Wednesday, December 26, 2018

Trimming the Fat: The Final Trimension

(Continuing on from the previous posts here and here, as well as some of my thoughts on gnomes here and here. Unlike its namesake, hopefully this installment won't be a tepid retread with Mako in a minor role.)

In my quest to build the perfect portable gaming kit, I decided that where the rules are concerned I need something small and lightweight - not just mechanically, but physically. White Box (a digest-sized and very beautifully laid out redesign of Swords & Wizardry White Box) fits the bill, and it's dirt cheap too. If my players insist on adding additional classes, it's pretty easy to integrate the ones from Swords & Wizardry Complete, and only slightly more difficult to add the few additional ones (bard and illusionist) that aren't found there.

Where the species available to characters are concerned, I've finally found a solution. The inspiration for dwarves came largely from John Higgins' comments on one of the posts linked above; the inspiration for elves came partly from The Elder Scrolls video games, and partly from a blog post which I can't seem to find at the moment.

Dwarves, as a species, encompass three distinct subspecies: burrow dwarves (also known as gnomes), hill dwarves (also known as hobbits or halflings), and mountain dwarves.

Elves, as a species, encompass four subspecies: green elves (also known as orcs), grey elves, high elves, and wood elves.

This neatly solves the issue of class restrictions in old-school games. If one only uses the core four classes, the selection can be summed up in two phrases: dwarves can't be magic-users, elves can't be clerics. The former can be justified by their strong saving throws against magic, while the latter has some interesting justification in my own campaign setting.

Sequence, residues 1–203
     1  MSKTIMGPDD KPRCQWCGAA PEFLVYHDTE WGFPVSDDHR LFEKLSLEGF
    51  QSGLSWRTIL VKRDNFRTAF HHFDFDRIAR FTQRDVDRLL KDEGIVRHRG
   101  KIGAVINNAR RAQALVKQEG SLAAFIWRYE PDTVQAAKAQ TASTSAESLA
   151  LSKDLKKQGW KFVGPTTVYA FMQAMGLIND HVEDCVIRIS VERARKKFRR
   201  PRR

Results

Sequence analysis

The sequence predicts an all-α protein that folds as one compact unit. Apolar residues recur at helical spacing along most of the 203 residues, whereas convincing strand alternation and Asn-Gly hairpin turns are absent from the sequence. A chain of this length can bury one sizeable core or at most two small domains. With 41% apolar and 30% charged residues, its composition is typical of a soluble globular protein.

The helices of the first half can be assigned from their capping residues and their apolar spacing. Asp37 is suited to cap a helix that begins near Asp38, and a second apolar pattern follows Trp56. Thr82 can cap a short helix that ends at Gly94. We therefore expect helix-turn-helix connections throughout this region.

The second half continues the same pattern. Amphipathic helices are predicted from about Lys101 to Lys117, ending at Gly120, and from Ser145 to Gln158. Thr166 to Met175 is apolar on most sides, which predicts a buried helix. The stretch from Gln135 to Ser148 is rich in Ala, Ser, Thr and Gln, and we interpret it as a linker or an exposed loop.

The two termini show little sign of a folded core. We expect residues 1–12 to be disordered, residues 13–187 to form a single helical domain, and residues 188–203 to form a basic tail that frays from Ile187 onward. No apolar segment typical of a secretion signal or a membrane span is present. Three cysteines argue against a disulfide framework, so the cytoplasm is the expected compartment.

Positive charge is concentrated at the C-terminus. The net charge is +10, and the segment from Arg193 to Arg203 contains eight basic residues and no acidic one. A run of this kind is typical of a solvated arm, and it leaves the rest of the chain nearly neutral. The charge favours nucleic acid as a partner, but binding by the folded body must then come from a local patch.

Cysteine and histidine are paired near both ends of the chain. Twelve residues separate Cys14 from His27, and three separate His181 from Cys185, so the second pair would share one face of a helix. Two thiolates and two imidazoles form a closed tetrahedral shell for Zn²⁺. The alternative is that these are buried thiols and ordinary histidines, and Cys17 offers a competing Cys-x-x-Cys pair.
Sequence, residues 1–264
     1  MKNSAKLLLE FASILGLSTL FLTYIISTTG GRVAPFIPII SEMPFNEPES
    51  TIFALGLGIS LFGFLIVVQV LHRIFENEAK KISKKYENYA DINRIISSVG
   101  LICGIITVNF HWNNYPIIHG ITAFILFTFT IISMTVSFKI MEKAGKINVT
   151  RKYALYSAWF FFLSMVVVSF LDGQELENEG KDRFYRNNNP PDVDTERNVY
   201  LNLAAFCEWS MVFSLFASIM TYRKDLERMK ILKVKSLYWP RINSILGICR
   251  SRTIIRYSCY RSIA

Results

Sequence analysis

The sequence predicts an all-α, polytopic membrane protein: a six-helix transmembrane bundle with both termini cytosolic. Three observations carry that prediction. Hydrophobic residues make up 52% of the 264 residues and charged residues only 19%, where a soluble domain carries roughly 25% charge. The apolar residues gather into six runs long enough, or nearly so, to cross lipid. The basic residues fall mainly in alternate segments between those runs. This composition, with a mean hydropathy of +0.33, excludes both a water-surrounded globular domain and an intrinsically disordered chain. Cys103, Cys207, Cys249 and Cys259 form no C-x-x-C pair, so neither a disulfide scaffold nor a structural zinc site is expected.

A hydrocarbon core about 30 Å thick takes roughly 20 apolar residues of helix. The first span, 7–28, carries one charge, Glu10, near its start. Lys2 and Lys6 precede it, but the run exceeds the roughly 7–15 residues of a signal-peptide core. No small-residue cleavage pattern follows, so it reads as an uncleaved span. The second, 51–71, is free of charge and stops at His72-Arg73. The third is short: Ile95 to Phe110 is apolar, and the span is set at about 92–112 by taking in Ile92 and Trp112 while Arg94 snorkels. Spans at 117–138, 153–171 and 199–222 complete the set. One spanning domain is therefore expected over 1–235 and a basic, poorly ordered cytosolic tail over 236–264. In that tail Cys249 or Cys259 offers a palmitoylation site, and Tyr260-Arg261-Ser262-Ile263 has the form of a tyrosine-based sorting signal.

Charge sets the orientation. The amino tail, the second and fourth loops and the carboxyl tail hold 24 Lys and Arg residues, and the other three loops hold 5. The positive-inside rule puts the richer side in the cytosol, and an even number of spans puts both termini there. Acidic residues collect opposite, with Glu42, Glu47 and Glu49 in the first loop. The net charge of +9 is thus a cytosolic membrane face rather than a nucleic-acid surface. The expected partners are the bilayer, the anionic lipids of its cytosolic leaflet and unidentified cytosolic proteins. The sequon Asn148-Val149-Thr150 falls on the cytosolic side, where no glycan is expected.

This also avoids having to come up with "balanced" abilities for each non-human species. If I add special vision abilities (which White Box doesn't have by default - even dwarves can't see in the dark!) then I'll just give dwarves infravision, and elves ultravision.

As pointed out in that post I can't find, both elves and orcs having the ability to produce offspring with humans suggests that the former two belong ultimately to the same species. This dovetails nicely with my conception of elves as a totally separate species from humans. They can have offspring, but those offspring (like mules) will be sterile. And like in The Lord of the Rings, there's no need to have a mechanically distinct "half-elf" or "half-orc" species.

And as for orcs being magic-users? Well, in BECMI/the Rules Cyclopedia, orcs are listed among the monster types that can have wiccas/wokani among them (I can see why they changed the name for the RC - even TSR wasn't that deaf to the culture of the time.) I don't like having otherwise normal NPCs who can do things that PCs can't, so here we are. If I were to assign such things mechanically, I'd say that orcs tend towards necromancy, grey elves evocation/invocation, high elves alteration, and wood elves abjuration.

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